This week I also started meeting with key stakeholders in the company to start building relationships and identify where the knowledge and influence are.

Joining Mindspace was not an easy decision for me, since I had a few competing offers to join software companies. When I started the job search, I set two principles that I tried to stick with as I was evaluating my options: I wanted to join a company that has great people I would love working with, and a product and market I believe in. Mindspace is not a software company, but it sells a premium, high quality product in a rapidly growing market. But the main reason I joined, and the one that “sealed” the deal for me was the people. Moving across the globe and starting to work in a new market is going to be hard enough, so having people around me I will get along with, and enjoy meeting every day, was the deciding factor in choosing between a few good offers. Call me vain, but loneliness scares me.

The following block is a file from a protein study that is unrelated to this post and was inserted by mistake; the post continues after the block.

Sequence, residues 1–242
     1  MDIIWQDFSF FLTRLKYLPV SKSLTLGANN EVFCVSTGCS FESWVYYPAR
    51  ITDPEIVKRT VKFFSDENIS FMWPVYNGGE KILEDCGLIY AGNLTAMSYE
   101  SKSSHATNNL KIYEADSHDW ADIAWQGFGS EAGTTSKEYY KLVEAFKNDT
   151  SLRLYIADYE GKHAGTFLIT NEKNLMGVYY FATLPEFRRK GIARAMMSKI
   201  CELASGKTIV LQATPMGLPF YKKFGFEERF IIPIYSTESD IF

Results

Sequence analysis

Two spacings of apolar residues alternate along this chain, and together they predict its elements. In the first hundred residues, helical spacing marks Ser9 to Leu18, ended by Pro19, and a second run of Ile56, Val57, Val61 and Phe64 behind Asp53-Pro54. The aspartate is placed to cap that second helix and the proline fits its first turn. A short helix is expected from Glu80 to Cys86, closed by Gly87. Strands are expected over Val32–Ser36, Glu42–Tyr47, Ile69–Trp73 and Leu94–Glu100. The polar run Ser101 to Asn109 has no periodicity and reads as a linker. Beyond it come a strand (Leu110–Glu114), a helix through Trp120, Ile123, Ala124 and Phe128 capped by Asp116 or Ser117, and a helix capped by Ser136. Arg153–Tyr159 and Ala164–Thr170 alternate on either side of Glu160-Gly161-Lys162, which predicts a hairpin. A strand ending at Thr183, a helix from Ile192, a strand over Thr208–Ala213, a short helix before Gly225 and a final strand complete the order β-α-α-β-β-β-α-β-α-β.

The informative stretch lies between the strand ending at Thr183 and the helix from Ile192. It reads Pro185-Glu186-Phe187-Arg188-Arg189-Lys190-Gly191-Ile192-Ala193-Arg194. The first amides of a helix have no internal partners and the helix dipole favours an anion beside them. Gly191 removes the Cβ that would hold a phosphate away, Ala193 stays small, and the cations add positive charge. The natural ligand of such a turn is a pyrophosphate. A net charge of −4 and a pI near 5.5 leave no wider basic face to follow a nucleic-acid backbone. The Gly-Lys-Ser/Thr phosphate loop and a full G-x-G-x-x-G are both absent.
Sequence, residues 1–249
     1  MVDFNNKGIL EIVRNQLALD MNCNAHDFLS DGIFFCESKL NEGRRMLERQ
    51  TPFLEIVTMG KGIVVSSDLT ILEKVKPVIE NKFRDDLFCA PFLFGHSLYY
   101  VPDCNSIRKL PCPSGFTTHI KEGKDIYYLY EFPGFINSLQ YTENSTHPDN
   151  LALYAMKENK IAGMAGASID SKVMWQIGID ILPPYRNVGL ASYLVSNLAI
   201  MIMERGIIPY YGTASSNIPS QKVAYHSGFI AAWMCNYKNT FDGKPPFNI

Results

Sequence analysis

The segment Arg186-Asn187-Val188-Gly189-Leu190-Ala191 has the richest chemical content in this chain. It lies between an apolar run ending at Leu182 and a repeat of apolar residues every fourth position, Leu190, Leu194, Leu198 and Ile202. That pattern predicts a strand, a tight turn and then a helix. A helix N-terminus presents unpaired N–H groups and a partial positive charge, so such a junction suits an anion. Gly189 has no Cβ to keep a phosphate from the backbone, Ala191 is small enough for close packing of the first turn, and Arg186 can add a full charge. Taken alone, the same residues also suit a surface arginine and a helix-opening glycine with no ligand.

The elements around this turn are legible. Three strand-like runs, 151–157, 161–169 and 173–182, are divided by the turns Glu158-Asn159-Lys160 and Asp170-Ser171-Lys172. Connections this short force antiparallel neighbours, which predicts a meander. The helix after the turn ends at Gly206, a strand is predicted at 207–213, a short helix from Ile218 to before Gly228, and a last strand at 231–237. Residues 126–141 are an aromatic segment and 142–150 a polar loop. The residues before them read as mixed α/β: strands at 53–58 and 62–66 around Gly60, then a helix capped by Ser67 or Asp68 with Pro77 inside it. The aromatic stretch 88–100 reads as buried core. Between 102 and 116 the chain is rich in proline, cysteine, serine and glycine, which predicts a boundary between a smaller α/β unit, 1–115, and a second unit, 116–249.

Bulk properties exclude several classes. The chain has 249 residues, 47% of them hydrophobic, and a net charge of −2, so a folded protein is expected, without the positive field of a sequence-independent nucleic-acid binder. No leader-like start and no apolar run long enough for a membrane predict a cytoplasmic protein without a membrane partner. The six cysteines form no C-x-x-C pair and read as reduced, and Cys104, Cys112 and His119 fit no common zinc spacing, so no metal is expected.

After meeting with all the VPs and several stakeholders I was happy to see the passion and enthusiasm they all have for the company. I was encouraged by the dynamic and the close relationship that I observed in the management team, and by the end of the week, I felt that I made the right decision. It’s too early to really know at this point, but I saw no red flags.

It’s clear that there are many challenges ahead, as I gathered more information throughout the week, some started to emerge. We need to organize and clean the brand, we need to identify the right strategy, build better structure, create the appropriate process and implement solutions. We will need to fill gaps in competencies, hire, reorganize, set roles and responsibilities, and the list goes on. I’m excited about the road ahead, and excited to start this journey with my team and the people around me. In the coming weeks, I will focus on learning the market and audit our marketing functions and performance. But the first step will be to define the framework for my evaluation. I already have a few ideas.